In anticipation of the Supreme Court’s ruling on Obergefell v. Hodges, and reflecting on what that decision might hold for the future of the Church in America, I thought about reading Thoreau’s Civil Disobedience or a monograph on the persecutions of Catholics during the French Revolution. But instead, I picked up Faith and the Future, a thin volume containing five addresses given in 1969-1970 by a priest and professor named Joseph Ratzinger.
Those familiar with a better-known title published fifteen years later, The Ratzinger Report, can appreciate how well the man who would become Pope Benedict XVI has been able throughout his life to read the signs of the times and anticipate cultural and ecclesiastical shifts and trends that have since become clear for the rest of us. So I closely read and re-read the final pages of Faith and the Future, appreciating that our country was likely about to take another definitive step in the direction he foresaw Western society moving close to a half-century ago. When in 1970 Fr. Ratzinger considered the Church’s future, he envisioned that “terrific upheavals” in the secular world would result in a socially marginalized Church—a Church made small, but in her smallness, made stronger:
From the crisis of today the Church of tomorrow will emerge—a Church that has lost much. She will become small and will have to start afresh more or less from the beginning. She will no longer be able to inhabit many of the edifices she built in prosperity. As the number of her adherents diminishes, so will she lose many of her social privileges…. But in all of the changes at which one might guess, the Church will find her essence afresh and with full conviction in that which was always at her center: faith in the triune God, in Jesus Christ, the Son of God made man, in the presence of the Spirit until the end of the world.
I was bolstered by these words when I checked the news on the morning of Friday, June 26. Already the proponents celebrating the Supreme Court’s decision were heralding the final paragraph of Justice Anthony Kennedy’s majority opinion. As I read that paragraph, there was one line in particular that gave me goosebumps (though not for the reason those praising it were getting them). Speaking about those with same-sex attraction, Justice Kennedy wrote,
Their hope is not to be condemned to live in loneliness, excluded from one of civilization’s oldest institutions.
To live in loneliness. Loneliness certainly catalyzes our search for companionship. We were made to find happiness in another. Justice Kennedy recognizes this. The people he is writing in support of recognize this. But loneliness—especially fear of loneliness—can also cause us to compromise and confuse our true home with a false refuge. We coax ourselves into believing a certain desire or person will make us happy, when by happiness all we really mean is distraction from our deeper, existential loneliness—an interior emptiness that’s frightening to confront.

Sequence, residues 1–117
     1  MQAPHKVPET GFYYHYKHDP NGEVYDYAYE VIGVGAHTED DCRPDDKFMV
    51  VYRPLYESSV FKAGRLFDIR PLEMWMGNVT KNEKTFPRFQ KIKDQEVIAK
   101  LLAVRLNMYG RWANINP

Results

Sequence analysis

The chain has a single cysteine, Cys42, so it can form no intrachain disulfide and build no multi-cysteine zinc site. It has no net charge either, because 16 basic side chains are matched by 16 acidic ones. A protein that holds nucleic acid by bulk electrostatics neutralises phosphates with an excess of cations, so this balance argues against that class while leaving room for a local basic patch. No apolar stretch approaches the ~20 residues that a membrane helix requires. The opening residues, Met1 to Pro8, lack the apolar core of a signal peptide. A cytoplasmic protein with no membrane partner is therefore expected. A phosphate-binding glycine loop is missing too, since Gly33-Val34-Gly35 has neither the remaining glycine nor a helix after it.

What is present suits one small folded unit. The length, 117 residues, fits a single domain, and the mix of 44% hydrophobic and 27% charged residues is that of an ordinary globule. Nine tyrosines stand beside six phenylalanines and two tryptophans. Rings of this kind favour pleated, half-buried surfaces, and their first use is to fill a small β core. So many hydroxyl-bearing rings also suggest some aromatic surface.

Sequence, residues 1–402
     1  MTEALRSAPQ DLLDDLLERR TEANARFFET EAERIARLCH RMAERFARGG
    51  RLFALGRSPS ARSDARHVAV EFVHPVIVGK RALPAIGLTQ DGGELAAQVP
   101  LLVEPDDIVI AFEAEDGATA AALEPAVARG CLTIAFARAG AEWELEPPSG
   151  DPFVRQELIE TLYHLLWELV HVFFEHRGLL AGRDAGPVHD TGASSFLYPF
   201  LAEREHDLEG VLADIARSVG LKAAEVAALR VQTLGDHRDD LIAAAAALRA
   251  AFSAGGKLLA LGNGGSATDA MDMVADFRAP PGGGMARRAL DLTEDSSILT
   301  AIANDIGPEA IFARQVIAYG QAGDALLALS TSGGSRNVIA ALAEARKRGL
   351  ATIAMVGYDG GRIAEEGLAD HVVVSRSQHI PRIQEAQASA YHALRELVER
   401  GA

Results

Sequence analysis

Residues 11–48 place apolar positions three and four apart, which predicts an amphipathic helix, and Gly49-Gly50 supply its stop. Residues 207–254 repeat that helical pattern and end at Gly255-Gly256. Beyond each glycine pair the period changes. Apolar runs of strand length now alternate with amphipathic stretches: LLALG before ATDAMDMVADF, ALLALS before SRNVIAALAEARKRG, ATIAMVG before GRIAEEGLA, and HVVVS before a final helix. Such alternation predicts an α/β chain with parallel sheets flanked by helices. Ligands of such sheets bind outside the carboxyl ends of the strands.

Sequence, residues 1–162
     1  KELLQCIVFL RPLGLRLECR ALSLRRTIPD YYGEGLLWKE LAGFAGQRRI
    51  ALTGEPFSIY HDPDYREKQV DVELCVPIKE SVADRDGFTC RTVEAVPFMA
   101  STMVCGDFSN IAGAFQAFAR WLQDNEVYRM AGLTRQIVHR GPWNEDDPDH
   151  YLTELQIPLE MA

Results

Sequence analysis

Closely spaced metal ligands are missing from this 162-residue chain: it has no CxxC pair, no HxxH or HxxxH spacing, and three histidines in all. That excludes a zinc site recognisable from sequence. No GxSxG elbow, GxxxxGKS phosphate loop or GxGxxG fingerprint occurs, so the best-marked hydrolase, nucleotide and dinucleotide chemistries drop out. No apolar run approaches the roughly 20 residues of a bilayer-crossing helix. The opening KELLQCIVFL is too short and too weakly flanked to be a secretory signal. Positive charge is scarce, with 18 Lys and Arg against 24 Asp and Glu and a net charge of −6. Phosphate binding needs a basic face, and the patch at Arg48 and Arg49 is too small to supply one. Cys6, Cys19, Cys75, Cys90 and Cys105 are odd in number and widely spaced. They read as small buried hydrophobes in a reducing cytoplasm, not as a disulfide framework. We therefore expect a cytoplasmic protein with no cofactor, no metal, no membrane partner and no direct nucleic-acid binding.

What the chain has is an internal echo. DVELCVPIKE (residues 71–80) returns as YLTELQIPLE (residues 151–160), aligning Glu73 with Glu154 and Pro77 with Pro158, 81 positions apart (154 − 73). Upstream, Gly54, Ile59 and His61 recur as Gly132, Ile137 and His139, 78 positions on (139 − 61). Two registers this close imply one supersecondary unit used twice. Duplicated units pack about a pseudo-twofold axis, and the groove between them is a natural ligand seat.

Kennedy perceives the malady at work, but misidentifies the cure. I got goosebumps because Fr. Ratzinger identifies precisely the same affliction and even frames his discussion in the same terms: loneliness, hope, and finding a home (Kennedy speaks of homemaking earlier in his opinion). Yet Fr. Ratzinger also understands how the Church alone can—and will—offer the true remedy for empty hearts. In his closing paragraphs he explains that
when the trial of this sifting is past, a great power will flow from a more spiritualized and simplified Church. Men in a totally planned world will find themselves unspeakably lonely. If they have completely lost sight of God, they will feel the whole horror of their poverty. Then they will discover the little flock of believers as something wholly new. They will discover it as a hope that is meant for them, an answer for which they have always been searching in secret…. [The Church] will enjoy a fresh blossoming and be seen as man’s home, where he will find life and hope beyond death.
Loneliness serves a different function in Fr. Ratzinger’s final analysis. It has the potential to awaken in man his need not for another but for Another. The “totally planned world” is one in which individuals construct the edifice of their lives according to their own, subjective blueprints. The Master Craftsman goes unconsulted. The “horror of their poverty” is the existential angst described above, which refuses to be smothered or numbed by fleeting pleasures and arrangements made with false gods. Such pursuits may offer temporary housing, but they are not homes. As St. Thomas observes,
Homes are not beautiful if they are empty. Things are beautiful by the presence of God.
The men and women Justice Kennedy writes in support of have always been searching—and will continue to search—for a transcendent foundation and grounding for life. For a true home. This court decision may seem to alleviate their burden, and the deep fear we all share of being alone. But no human institution, no human relationship, can, in and of itself, offer a true, lasting antidote to loneliness. It takes a divine relationship to do that. And because it is a divinely inspired and sustained institution, the Church will endure all opposition—including the assaults of those who may someday benefit from the refuge only she can offer them.
All men hope to not be condemned to live in loneliness. That is why God sent His only Son; that is why Christ founded the Church.
Image: Odilon Redon, Melancholy